Along the track side fence, McCullough said, the ground has to be prepared properly for vines to thrive. “I think you need to do whatever you can to see these vines are going to survive”, he said. “Make sure there is enough soil that takes care of it.”
Others had concerns about the track side fencing. Some suggested that the fence be varied, with different sorts of panels, textures, and colors, and not necessarily have vines planted along its entire length. Allen urged a higher than seven foot fence, saying “you don’t want to have that as a hiding place for overnighters.”
Commission Secretary Anne Burns cautioned that if the fence gets higher “It’s going to be an issue if it’s on a property line.”
At the end of the discussion the Committee voted without dissent to approve the final design, with the provisos that the trackside fence would be redesigned, and the building colors rethought. “Thank you very much, build it soon, but not before you figure the colors out” Chair Goring told the applicants.
Downtown Design Guidelines
A review of the draft, revised, Downtown Design Guidelines was the other major item on the agenda. Downtown Planner Matt Taecker told the Committee that the “intent of the amendments is to implement the Downtown Area Plan” before the end of the year. “I’m hoping the revisions (to the guidelines) should be relatively straightforward.” “The intent is to keep as much of the original document as possible.”
He said the revised guidelines say more about historic resources and expand upon the different design styles commonly found in the Downtown, and will mention “contributing resources” to the historic fabric—those buildings that aren’t officially designated as landmarks or on the State Historic Resources Inventory, but have still been identified as contributing.
The guidelines also discuss green building features, “culling through to see what features really affect the façade”, and call for some setbacks at upper floors, but designed “so you don’t get wedding cake buildings”.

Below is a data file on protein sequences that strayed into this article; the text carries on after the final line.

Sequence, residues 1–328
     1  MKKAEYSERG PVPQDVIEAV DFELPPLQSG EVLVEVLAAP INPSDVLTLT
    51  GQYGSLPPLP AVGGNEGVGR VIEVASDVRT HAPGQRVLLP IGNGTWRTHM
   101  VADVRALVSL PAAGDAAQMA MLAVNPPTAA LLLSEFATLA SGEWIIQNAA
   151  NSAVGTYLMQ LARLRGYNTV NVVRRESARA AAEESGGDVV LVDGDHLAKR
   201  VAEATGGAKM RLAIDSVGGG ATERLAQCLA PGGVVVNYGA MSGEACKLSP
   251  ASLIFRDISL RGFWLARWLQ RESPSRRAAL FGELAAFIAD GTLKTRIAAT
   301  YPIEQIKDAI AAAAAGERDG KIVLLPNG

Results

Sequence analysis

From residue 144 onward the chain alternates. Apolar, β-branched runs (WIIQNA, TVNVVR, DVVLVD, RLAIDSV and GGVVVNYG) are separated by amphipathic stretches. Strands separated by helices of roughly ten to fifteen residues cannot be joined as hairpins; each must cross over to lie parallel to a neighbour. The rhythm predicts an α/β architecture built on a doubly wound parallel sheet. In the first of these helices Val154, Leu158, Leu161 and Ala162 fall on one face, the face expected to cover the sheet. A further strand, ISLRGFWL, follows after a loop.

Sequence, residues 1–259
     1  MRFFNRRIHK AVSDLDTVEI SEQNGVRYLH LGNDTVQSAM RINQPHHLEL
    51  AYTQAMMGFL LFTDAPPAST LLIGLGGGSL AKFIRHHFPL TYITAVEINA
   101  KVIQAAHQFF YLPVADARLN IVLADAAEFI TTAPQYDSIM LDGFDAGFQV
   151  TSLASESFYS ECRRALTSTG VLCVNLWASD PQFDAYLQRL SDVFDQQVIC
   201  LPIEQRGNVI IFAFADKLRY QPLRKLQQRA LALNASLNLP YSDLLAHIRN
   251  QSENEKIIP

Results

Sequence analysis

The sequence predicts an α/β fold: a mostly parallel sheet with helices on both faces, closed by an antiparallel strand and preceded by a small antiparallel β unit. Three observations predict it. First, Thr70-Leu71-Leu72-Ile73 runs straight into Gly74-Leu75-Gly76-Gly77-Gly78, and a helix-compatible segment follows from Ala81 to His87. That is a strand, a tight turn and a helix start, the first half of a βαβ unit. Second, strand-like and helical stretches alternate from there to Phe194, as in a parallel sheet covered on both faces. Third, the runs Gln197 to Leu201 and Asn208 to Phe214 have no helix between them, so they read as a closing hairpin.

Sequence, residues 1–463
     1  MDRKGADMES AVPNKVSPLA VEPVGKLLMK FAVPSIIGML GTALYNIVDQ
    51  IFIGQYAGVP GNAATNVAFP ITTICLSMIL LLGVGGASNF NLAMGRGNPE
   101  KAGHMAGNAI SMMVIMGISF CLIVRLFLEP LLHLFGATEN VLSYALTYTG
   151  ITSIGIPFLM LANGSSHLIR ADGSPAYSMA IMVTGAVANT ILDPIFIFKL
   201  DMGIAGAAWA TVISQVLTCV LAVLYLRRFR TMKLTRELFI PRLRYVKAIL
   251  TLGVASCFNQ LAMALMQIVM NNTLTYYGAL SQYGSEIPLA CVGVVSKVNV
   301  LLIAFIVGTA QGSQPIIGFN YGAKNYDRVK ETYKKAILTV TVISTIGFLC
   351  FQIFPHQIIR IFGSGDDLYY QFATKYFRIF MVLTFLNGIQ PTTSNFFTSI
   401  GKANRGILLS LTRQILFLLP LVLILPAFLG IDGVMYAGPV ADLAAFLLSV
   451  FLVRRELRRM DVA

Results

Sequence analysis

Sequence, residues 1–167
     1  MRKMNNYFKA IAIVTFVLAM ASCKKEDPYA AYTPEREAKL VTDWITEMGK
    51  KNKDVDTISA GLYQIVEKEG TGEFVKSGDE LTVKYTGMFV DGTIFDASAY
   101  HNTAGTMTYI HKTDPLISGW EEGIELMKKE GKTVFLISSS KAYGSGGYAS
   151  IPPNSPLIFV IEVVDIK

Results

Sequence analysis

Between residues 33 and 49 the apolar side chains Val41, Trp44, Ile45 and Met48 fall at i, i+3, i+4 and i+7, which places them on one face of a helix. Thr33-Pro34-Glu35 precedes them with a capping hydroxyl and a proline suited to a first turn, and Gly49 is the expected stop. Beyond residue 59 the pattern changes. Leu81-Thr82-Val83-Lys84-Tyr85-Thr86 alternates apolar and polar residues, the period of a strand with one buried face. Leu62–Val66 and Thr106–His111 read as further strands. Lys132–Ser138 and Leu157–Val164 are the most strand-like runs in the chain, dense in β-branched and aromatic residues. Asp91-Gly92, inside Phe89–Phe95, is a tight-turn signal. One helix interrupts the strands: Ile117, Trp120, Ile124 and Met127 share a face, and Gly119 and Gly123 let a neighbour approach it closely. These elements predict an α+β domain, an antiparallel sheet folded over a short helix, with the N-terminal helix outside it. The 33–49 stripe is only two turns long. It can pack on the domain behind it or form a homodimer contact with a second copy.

The revised guidelines also propose changing the approach to the west side of Oxford Street, recommending “emergence of a continuous street wall along Oxford” rather than buildings set back from the street, as had been the City’s previous preference.
“Any comments you got are pretty much appreciated”, Taecker concluded.
Bob Allen raised the issue of encouraging buildings that step back at upper floors. “It’s a terrific tool for any no-growther to come in and fight a project”, he worried. “It’s an opportunity for opposition.” He said that “Center Street now has got some very tall buildings, and I don’t find them objectionable at all.”
“The biggest waste of money we see”, Allen went on, “is every project has to come in with shadow studies. I can’t remember when ever this Committee or ZAB took that into account.” “In an urban setting you have shadows.” (Shadow studies show the extent of shadow that would be cast by a proposed building at various times of year, typically the solstices and equinoxes.)
Taecker noted that CEQA review of projects requires review, separate from the design review process, of solar impacts and shadows.
Dave Blake took exception to Allen’s comments, saying “As a pedestrian in the city I appreciate light on the sidewalk.” “It’s important to at least know” the likely shadowing impacts, he said.
“Many times we say (to developers) it would be nice if you were to entertain having the building set back”, said Chuck McCullough. “I think the design ought to take into account shadow”, George Allen said. “I think you can say the design (of new buildings) ought to minimize adverse shadow impacts.”
“Think about all the teeny streets in Paris”, Allen responded. “No one runs around saying, jeez, you’re throwing a shadow on the street.” “We’re talking about teeny, teeny, buildings in this Downtown.”
“It’s crazy not to look at it (shadow impacts)” Blake answered. “My memory of Paris is except for a very small section there are very few 80 foot buildings.”
“It’s a perfect vehicle to fight development”, Allen grumbled. “The intent is to have more livable buildings”, Goring noted.
During the public comment period on this item I talked about the practical effects of building setbacks on the Downtown streetscape. I noted that in a marine climate, even when it is sunny the air is cool much of the year, and people seek out the sun. I noted the difference between the corner by the BART plaza where two tall buildings funnel cold wind into a shadowy plaza, and the situation just a block away to the north where lower buildings allow for sunny exterior spaces enjoyed by pedestrians and diners.